Get set Go - Anonymous Functions in Go language



In the last part of the series, you learned about functions in Go language. Functions are first-class citizens in Golang. What this means is that you can not only use function declarations as just reusable code blocks but you can also assign functions to variables, use functions as parameters on other functions, and even return functions from other functions. This is achieved using function literals which are also known as anonymous functions.

Function literals

Go language specification defines a function literal syntax as follows.

FunctionLit = "func" Signature FunctionBody .

Compare this to the function declaration syntax.

FunctionDecl = "func" FunctionName Signature [ FunctionBody ] .

The difference is in the name of the function. The function literals or anonymous functions do not have a name or an identifier. The function declaration binds an identifier to a function whereas function literals do not have a name or an identifier (and, therefore called anonymous functions) and can be assigned to a variable, passed to another function, and returned from a function.

Inline execution

Here is an example of inline execution of a function literal.

package main

import "fmt"

func main() {
	fmt.Println("Hello from main!")
    func() {
		fmt.Println("Hello from an anonymous function!")
	}()
}

In the above example, the function literal inside main is the function literal. It has no name or an identifier. And, the parenthesis at the end of the function literal make it execute inline. So, when you run this, the first Println gets called and then the Println inside the anonymous function gets called.

Passing arguments

You can pass arguments to these anonymous functions.

package main

import "fmt"

func main() {
	fmt.Println("Hello from main!")
	func(version float64) {
		fmt.Printf("Hello from an anonymous function in Go language %.2f!", version)
	}(1.15)
}

This example declares one parameter to the function called version which is of float64 data type. And, at the end of function literal definition, you can pass the value associated with the version parameter within the parenthesis.

Assigning functions to variables

Function literals, as mentioned earlier, can be assigned to variables. It is like any other value that you assign to a variable. Here is an example.

package main

import "fmt"

func main() {
	fmt.Println("Hello from main!")
	f := func(version float64) {
		fmt.Printf("Hello from an anonymous function in Go language %.2f!", version)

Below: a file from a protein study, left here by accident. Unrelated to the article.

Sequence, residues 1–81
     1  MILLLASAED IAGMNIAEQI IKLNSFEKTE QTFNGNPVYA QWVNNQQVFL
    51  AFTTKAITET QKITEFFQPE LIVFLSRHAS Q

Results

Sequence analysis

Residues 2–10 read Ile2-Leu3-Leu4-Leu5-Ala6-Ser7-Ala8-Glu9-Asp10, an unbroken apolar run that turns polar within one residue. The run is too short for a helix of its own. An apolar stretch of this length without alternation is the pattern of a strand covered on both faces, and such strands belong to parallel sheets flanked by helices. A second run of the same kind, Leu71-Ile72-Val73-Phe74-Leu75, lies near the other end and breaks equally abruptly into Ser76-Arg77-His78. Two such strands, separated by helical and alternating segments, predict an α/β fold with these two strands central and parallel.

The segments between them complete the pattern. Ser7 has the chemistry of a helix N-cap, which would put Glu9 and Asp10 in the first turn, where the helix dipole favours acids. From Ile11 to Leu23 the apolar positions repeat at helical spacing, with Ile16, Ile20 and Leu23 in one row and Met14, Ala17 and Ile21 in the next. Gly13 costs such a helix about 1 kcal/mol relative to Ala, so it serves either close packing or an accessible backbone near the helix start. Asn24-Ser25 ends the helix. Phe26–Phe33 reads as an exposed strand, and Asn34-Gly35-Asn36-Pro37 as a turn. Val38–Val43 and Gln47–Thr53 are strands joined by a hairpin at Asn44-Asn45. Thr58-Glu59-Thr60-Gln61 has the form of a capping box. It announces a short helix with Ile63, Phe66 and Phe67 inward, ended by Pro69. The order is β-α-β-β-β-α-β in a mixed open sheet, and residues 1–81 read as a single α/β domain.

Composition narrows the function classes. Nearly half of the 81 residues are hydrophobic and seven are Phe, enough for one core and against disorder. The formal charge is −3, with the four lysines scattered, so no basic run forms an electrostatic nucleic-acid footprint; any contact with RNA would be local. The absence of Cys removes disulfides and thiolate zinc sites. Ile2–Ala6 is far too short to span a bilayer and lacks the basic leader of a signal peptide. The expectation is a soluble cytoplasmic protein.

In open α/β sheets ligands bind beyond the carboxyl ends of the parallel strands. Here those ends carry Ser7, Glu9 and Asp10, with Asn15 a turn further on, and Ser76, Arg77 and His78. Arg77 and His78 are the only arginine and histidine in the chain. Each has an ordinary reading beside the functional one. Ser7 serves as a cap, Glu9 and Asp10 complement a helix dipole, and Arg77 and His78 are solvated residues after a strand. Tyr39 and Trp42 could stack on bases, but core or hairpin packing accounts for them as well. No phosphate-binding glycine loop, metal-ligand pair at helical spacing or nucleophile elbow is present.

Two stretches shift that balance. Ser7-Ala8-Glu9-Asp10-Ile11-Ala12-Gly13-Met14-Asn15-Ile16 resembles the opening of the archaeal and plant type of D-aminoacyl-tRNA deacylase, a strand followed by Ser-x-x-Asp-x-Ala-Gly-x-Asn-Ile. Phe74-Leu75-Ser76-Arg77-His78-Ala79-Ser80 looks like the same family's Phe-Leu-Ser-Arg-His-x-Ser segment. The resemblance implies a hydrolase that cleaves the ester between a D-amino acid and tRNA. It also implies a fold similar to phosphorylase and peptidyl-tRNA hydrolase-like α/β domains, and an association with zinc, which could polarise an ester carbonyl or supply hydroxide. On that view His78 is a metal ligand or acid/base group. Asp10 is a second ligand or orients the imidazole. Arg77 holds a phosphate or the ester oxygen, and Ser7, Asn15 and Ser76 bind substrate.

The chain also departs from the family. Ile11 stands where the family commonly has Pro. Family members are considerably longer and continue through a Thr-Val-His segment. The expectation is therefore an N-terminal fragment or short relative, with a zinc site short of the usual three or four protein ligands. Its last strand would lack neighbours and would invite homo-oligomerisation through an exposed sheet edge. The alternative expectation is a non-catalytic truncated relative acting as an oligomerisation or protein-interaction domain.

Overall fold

}

	f(1.15)
}

This example is similar the previous one. The only difference is the missing the parenthesis at the end of function literal. Instead, the function gets assigned to a variable and we use the variable – f(1.15) – to invoke the function. The value 1.15 gets passed to the anonymous function. So, what do you think the type of variable f will be? You can check that by adding fmt.Printf("\n%T", f) to the above example. This will be the output.

PS C:\GitHub\GetSetGo> go run .\function.go
Hello from main!
Hello from an anonymous function in Go language 1.15!
func(float64)

So the variable f is of func() type. This leads us into the custom and user-defined function types.

Custom function types

Similar to defining a struct, you can define a custom function type. The general syntax for defining a custom function type is:

type <func-name> func(<parameter1 parameter-1type, parameter2 parameter2-type>) <return-type> 

For example, type concat func(fName, lName string) string defines a new custom function type named concat. This defines the signature of the function.

package main

import "fmt"

type concat func(fName, lName string) string

func main() {
	var s concat = func(fName, lName string) string {
		msg := fmt.Sprintf("%s %s rocks!", fName, lName)
		return msg
	}

	fmt.Println(s("Go", "Language"))
	fmt.Printf("%T", s)
}

In the main function, you can use the new function type to create a variable and assign the function to it. The above example declares and initializes variable s for this purpose. You can then use variable s as you have already seen earlier. When you run this example, you will see that the type of the variable s is main.concat which is the custom function type.

Passing functions as arguments

Function literals can be passed as arguments to other functions. You have learned how to create a custom function type in the previous section. The following example demonstrates how to pass that custom function type as an argument to another function. Take a look.

package main

import "fmt"

type concat func(fName, lName string) string

func wrapper(s concat) {
	fmt.Println(s("Go", "Language"))
}